6/15/2005

Form One Entrants

[ . BACK to Worldkigo TOP . ]
:::::::::::::::::::::::::::::::::::::::::::::::::::::::::::::::::::::::::::::::::::::::::::::::::::::

Form One entrants and monolisation

***** Location: Kenya
***** Season: Hot dry season
***** Category: Humanity


*****************************
Explanation

The Kenyan school year starts in January. New students entering Form One of secondary school (usually aged 14 or over), register in January and start classes at the beginning of February.

This is a very big step for a Kenyan student. Form One entry, in modern Kenya, functions as the equivalent of circumcision, i.e. entry into adulthood. People may or may not practice circumcision or other rites of passage -- either way, initial research has found that the transition between primary school and secondary school has come to resemble these older practices. This is expressed by massive parties (so-called “bashes”) held by the youth, largely without adult supervision, as well as by the short-term victimisation (so-called “monolisation”) of the new Form One students by their predecessors. Sometimes, things can go wrong (see article below).

The end of primary school is achieved by a national examination, the Kenya Certificate of Primary Education (KCPE). Only about 50 percent of students passing this examination find places in secondary schools -- the other 50 percent dropping out either because they have not achieved the necessary points for the limited number of places, or because they cannot raise the necessary fees.

While primary education (eight years, from age 6 to age 14 or over) is now free of charge in Kenya, secondary education is subsidised but fee-paying. Many bright students, who cannot find a scholarship or a sponsor, drop out at this stage, even though they might have had the points to enter a recognised secondary school.

Bahati High School, in Kayole, Nairobi, being run by volunteers, is able to provide education at low cost, and can therefore offer places to the children of the community without being selective as regards points. This school started the Bamboochas Haiku Poetry Club at the start of 2006. Now, one year later, is the first time that the Bamboochas have welcomed new Form One entrants.

This coincides with the exciting moment when the school is building a corrugated iron laboratory as its contribution to recognition as an exam centre for the Kenya Certificate of Secondary Education (KCSE) from the end of 2007.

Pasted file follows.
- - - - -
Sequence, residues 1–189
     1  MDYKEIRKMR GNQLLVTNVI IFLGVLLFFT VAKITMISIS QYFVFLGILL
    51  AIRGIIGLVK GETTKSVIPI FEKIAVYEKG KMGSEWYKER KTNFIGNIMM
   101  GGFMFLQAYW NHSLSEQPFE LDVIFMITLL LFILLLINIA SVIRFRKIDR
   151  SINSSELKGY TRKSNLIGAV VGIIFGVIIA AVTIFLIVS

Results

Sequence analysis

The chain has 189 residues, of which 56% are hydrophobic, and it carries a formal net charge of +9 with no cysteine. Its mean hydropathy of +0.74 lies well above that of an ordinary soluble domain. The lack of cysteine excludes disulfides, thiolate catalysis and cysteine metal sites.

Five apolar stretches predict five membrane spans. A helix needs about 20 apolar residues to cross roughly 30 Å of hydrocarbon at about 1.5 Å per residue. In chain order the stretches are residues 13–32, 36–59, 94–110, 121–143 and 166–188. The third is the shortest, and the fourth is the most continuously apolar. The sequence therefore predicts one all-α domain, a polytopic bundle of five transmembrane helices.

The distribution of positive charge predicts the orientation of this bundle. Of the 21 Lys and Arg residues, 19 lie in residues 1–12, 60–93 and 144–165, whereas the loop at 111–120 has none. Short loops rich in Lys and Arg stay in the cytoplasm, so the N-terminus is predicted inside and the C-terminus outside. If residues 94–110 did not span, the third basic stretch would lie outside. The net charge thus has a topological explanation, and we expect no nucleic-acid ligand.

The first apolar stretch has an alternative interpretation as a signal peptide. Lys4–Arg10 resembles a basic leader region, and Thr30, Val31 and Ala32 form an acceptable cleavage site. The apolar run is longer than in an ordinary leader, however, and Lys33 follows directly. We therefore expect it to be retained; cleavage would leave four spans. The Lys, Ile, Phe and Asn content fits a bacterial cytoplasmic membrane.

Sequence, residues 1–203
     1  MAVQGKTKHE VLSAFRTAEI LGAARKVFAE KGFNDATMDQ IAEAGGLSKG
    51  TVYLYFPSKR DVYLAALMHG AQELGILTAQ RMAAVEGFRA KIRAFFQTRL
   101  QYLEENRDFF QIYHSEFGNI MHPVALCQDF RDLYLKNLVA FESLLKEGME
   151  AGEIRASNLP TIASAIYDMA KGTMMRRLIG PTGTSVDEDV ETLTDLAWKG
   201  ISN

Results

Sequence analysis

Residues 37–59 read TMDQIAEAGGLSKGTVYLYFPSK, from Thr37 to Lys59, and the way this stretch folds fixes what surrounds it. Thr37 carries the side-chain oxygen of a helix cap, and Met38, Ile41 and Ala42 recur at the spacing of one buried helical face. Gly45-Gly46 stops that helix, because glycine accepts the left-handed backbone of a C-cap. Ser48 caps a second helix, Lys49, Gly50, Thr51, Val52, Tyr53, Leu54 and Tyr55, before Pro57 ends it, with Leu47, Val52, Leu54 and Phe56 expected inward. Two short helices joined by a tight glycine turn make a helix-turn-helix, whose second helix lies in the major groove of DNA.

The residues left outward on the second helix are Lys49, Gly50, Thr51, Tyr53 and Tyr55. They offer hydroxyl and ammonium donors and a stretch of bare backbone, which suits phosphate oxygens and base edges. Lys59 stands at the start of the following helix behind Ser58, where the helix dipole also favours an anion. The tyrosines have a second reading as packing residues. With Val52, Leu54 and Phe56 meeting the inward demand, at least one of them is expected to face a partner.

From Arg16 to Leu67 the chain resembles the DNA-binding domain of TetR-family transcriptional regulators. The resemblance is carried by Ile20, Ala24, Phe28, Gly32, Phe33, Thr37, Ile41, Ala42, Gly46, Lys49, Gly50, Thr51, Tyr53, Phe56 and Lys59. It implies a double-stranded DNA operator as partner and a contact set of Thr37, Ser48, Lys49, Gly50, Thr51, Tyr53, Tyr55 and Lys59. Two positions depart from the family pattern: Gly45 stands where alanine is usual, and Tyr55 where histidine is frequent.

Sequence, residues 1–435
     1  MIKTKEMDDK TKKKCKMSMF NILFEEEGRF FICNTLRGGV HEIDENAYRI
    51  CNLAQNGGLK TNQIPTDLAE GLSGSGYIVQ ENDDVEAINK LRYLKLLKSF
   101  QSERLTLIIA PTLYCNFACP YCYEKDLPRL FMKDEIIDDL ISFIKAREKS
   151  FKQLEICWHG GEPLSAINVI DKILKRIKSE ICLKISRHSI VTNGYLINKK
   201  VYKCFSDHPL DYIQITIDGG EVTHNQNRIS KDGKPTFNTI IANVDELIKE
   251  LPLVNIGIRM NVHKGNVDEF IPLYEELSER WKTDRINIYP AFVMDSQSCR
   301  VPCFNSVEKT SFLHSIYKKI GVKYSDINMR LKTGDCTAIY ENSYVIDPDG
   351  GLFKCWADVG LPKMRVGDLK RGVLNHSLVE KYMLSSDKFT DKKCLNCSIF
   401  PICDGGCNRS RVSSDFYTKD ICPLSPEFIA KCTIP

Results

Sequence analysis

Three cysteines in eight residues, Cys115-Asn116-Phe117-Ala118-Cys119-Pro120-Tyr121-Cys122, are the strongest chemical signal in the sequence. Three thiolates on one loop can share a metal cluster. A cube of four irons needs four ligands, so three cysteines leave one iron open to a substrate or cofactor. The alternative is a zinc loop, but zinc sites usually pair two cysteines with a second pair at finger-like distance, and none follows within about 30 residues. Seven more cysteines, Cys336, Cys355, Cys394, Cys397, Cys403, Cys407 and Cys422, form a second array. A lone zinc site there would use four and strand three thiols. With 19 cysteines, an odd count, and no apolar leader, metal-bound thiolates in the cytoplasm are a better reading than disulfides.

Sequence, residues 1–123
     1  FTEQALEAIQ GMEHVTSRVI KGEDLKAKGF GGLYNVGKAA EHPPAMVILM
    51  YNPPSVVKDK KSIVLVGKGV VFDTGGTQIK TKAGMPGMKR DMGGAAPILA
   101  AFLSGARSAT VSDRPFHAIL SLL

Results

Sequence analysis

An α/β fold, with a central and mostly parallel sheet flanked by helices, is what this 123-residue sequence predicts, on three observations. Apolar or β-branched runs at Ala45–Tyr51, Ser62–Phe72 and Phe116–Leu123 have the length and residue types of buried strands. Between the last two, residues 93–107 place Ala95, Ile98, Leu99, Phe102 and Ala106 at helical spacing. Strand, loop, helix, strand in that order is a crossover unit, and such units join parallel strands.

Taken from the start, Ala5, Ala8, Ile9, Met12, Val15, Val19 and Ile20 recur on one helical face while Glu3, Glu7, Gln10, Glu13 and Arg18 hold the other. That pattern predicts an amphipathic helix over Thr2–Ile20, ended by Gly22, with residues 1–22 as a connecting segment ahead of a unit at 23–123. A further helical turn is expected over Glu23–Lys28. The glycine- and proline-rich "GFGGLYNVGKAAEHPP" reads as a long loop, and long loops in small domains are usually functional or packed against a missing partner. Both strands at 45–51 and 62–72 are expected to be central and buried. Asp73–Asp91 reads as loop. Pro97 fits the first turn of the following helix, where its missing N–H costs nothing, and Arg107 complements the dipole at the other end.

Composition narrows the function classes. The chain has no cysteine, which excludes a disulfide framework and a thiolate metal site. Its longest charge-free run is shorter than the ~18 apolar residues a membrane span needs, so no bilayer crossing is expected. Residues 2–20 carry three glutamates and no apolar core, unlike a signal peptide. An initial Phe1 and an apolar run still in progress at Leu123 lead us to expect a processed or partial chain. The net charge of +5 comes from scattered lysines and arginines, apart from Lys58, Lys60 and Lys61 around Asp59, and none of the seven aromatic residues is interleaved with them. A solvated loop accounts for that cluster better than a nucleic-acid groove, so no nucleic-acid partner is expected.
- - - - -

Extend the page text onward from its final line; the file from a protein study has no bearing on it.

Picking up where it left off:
Secondary school involves many changes for the new entrants. The style of the uniform changes (dresses are replaced by skirts, shorts by trousers, checked cloth is out while plain colours are in, both girls and boys wear ties), many new subjects appear (history, geography, the sciences), English becomes the language of instruction for all, and this may be the first time that the students meet classmates from other parts of the country, speaking a different mother tongue.

All the haiku collected below were written by the Form One entrants themselves -- brand new haijin. They convey the atmosphere so well -- please enjoy reading their work!


Bahati High School

Text and photo : © Isabelle Prondzynski

:::::::::::::::::::::::::::::::::::::::::::::::::::::::::::::::::::::::::::::::::::::::::::::::::::

School where boys have to be 'men'
Daily Nation, 15 February 2007
By: PATRICK MUTHURI and MUCHEMI WACHIRA

The excitement that comes with joining Form One was evident on the faces of the young students as they were guided by their parents through the gates of Kiriani Boys Secondary School in Meru South District last week. They were excited to be joining secondary school and many of the parents had toiled hard to meet the many expenses that come with sending children to high school.

The usual words of advise for the students to take their studies seriously could be heard as the parents bid their children goodbye and left them behind.

But 25 of the parents could not believe their eyes when three days later, their children arrived home, carrying all their belongings and a letter from the principal, Mr Ngaruthi Kithinji, saying they could not be allowed in the school because they were not circumcised. They were lost for words.

Even if they were to take their sons to be circumcised, it would take no less than a month for them to heal enough to resume studies. Meanwhile, other students would be going on with learning.

But Mr Kithinji said the presence of the uncircumcised boys in the school could lead to unrest. "There was a lot of screaming and disturbances when your son was discovered to be the way he is. Just like you cannot keep your elder son who is uncircumcised in the same room with your younger son, this also applies in the dorms," Mr Kithinji said. He told the parents of the affected children to have them circumcised in two weeks and take them back to school when they get well.

The parents are now appealing to the Government to intervene.

Trouble started on their first night in school. The older boys ordered the newcomers to strip naked so that they could be inspected. Those who were not circumcised spent the whole night going through all manner of torture and insults. Says one of the boys: "The first night was very bad. We were never given a chance to rest or sleep even after the long journey. They started shouting and asking us silly questions like are you a man or a woman?"